There's no more blaming others for what they're not doing or not giving you -- now it's all on you. You realize that what's happening out there is a mirror reflecting back at you what's going on inside. I was looking into some crisp, clear mirrors. My not liking what I saw didn't make it any less true. That's when I started diving into the mess. Once I started accepting my messiness, I could no longer tolerate being with people who and in situations that demanded no-mess zones. I knew that doing so would result in unhappiness, anger, and what I consider the worst thing of all -- the polar opposite of self love.
These days, my relationships are messy. I endeavor to love the messiness in myself (which is probably why others love it as well). I endeavor to listen to myself and let that messiness show, allow it to be there. Some days I do a good job...and other days not so good.
The past month has been not so good. I injured myself and reverted back to old ways -- suck it up, stick it out, just look at the sweet, brush it off. I distinctly ignored the mess. I got on my yoga mat and pushed through. My body hurt but I didn't listen. I wanted to practice and I wanted my body to be on the same book, the same page...gee, sound familiar? Clearly, my respect for differences went right out the window.
Weeks passed until I was hobbled. Yes, one day I woke up and could barely walk. Had I mentioned that I can be veeeeery good at sticking my head in the sand and ignoring the mess? Yep, I have my moments. This past week has been very different. I've stopped and listened and given my body love. My body was whining about the same thing I used to whine about to my partner all those years ago -- "Accept me as I am. Love me for me, quirks and all, even when you're not in agreement and uncomfortable."
I went into Yoga Therapist Heal Thyself mode. No more pushing. No more ignoring. No more disagreeing. Only love. Today I practiced true therapeutic yoga. Interestingly enough...or should I say, not surprisingly, my body responded right away. There's a lot less hobbling today. Am I uncomfortable with not trail walking or practicing my regular yoga routine or working out as I normally do? Hell, yes! But as I learned years ago -- you've got to approve of yourself, embrace your whole self, love yourself as you are even when it's uncomfortable and messy.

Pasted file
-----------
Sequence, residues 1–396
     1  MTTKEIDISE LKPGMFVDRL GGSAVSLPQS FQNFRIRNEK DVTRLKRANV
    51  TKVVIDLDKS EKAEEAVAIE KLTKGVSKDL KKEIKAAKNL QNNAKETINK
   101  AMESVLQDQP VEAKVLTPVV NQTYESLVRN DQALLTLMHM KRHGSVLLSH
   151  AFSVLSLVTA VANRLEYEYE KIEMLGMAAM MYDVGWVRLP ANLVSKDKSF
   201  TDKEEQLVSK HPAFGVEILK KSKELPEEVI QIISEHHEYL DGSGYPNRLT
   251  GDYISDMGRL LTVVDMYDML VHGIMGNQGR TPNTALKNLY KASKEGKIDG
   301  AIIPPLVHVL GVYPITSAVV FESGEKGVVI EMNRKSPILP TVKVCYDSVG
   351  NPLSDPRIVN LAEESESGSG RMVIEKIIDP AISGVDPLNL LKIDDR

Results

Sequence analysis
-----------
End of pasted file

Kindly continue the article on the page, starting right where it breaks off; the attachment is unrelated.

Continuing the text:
Yoga isn't a team sport. It's you and...you...on the mat. Sure, there might be a teacher pushing you to bend deeper or correct this or that or follow along. But I say, don't be afraid to make a mess. Don't just go along for the sake of staying in the sweetness. That's how injury happens. That's how you find yourself with an empty practice that involves you going through the motions. And how you do one thing is how you do everything, so it's sure to bleed into your life.
And since we're on the topic of messes...
I can't resist mentioning the whole Lululemon debacle . I've never been a Lululemon hater. Yes, I've bought the $90+ yoga pants. I purchased most of my Lululemon yoga pants before all of the issues about quality occurred. Or maybe it's just that my body fits into the type that "works" with Lululemon pants. Whoa, I bet good ole' Chip rues the day he made that comment . I must be honest -- the whole thing made me cringe. Heck, even his apology video made me cringe. I wasn't feeling the remorse. It left a bad taste in my mouth. As someone who believes in adapting the yoga to the individual, I don't like the idea of having to adapt the individual's body to the yoga pant. It just doesn't seem right to me. I'm proud to say that my thighs rub together a bit (no pilling though, so Chip can wipe the sweat from his brow).